To cap it off, Chipotle flexes some creativity by including some fascinating (and personalized) stats showing off their “Real Foodprint” responsible sourcing with a link to learn more. If your brand has any socially conscious, ethically mindful, or simply just brag-worthy tenets, transactional emails are a great place to build user trust and elevate the transactional experience in a personal and engaging way.

The Good:

  • The most important information is clearly visible at a glance
  • Easy access to customer support and customer rewards
  • Dynamic, perosnalized content regarding customers’ “foodprint”
  • Included survey link to encourage feedback
  • Personalized, with customer’s name

The Risky:

  • “Download Our App” CTA is buried at the bottom of the email

Transactional Email Example #3: Zillow

Transactional emails aren’t limited to receipts and confirmations. This welcome email from Zillow utlizes an extremely simple and skimmable design, while offering a few actionable ways to succeed on their platform. This is a great example of a transactional email designed to skip the lengthy tutorial or content-heavy welcome and get users started quickly.

The Good:

  • Cohesive color design with a format that funnels your attention straight to the CTA
  • Practical tools and references to enable new user success

The Risky:

  • The lack of content may leave specific, account-related questions or concerns unaddressed
  • Although this email has a clean design, it may feel a little too “automated” or impersonal for users due to its lack of real world imagery or human faces

Transactional Email Example #4: Ka’Chava

Nutrition brand Ka’Chava leverages a more exhaustive transactional format, giviing customers a plethora of information in addition to their order, including a link to place an extra order, an easy-to-read CTA directing users to their account to make changes, and even a voucher to encourage future purchases.

This email excels in clear and specific copy, sharing everything from delivery estimates to specifying that “no action is required,” leaving little room for confusion. Notice they also reserve space toward the bottom of the email to share their proudest brand standards and guarantees.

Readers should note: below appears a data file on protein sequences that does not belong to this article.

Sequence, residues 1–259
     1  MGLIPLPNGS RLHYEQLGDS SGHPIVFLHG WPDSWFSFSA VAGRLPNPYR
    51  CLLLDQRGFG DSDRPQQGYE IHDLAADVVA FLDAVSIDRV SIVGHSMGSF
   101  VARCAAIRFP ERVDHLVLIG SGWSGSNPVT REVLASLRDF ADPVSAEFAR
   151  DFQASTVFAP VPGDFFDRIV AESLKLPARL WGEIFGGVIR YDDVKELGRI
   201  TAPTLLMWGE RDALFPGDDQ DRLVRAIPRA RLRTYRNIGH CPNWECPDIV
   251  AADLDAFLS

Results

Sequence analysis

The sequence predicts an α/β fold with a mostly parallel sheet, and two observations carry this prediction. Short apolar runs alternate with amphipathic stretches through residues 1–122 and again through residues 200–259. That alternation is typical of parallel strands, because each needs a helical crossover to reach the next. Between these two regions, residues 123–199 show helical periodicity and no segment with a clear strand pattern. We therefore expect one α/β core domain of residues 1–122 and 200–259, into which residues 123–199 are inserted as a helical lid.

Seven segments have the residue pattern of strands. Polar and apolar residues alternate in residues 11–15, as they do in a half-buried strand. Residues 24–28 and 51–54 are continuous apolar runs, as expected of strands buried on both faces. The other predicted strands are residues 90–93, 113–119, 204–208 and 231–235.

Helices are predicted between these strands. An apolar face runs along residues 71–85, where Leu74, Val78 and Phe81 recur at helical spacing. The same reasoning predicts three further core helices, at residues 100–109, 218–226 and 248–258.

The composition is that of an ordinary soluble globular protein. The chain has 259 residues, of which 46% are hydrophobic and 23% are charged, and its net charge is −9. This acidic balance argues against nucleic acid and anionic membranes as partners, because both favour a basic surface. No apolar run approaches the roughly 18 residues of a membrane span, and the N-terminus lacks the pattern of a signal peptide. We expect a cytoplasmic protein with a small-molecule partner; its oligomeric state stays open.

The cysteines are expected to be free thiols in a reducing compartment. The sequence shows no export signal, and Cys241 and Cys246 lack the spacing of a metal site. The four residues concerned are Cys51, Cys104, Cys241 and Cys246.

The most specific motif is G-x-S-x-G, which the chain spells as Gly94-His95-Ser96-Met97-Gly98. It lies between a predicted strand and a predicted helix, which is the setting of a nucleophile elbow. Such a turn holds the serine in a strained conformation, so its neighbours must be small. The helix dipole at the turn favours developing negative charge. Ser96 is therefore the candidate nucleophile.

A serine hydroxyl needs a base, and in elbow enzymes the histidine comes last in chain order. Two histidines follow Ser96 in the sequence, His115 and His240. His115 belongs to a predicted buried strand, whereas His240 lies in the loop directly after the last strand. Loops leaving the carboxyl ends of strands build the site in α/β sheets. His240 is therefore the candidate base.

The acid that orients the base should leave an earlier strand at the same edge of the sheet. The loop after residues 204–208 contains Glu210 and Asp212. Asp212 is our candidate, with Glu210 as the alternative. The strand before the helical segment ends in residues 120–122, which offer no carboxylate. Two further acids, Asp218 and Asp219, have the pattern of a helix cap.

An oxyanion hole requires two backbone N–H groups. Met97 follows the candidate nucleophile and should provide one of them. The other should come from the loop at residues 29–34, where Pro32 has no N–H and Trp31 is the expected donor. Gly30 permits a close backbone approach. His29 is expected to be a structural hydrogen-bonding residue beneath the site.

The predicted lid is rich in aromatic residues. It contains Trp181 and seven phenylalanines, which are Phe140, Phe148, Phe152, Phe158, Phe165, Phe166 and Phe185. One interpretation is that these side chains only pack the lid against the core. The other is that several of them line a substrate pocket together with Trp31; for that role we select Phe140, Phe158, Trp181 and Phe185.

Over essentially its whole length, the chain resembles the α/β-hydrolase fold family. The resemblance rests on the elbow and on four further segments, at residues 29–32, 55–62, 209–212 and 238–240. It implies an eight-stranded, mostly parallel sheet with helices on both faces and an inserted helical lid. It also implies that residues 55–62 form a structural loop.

The Good:

  • Plenty of resources for users to get more information about their order
  • Account-specific voucher to drive continued engagement and conversions
  • Additional brand information like ingredients, how-to’s, and reviews
  • Excellent inclusion of safety standards, sustainability, and risk-free trial

The Risky:

  • Although it includes a ton of helpful content, for a transactiona email, this runs the risk of becoming a bit lengthy and cumbersome to read

Transactional Email Example #5: Rippling

Transactional emails that only serve a single purpose, such as this message from Rippling informing users of their paychecks, shouldn’t be afraid to have fun. Where other transactional emails typically play things safe, Rippling creates an opportunity to delight users with friendly copy and an adorable animated gif to turn an otherwise boring alert into a reason to smile.

The Good:

  • C’mon, it’s a French Bulldog with a baguette!
  • Succinct, conversational copy
  • The message keeps users’ personal paystub information private, instead offering a link to login to their account to view their paystub

The Risky:

  • Not much to critique here. As far as single-use transactional messages, this one hits it out of the park

Don’t Settle For Boring Transactional Emails

The majority of brands don’t put in the time to make transactional messages a true customer touch point, but it’s precisely these “little things” that make your user experience memorable, engaging, and most importantly, worthy of repeating.

OneSignal removes the barriers of other, costly email providers by providing a no-code email builder designed to make every transaction personalized and compatible with your larger omnichannel messaging strategy.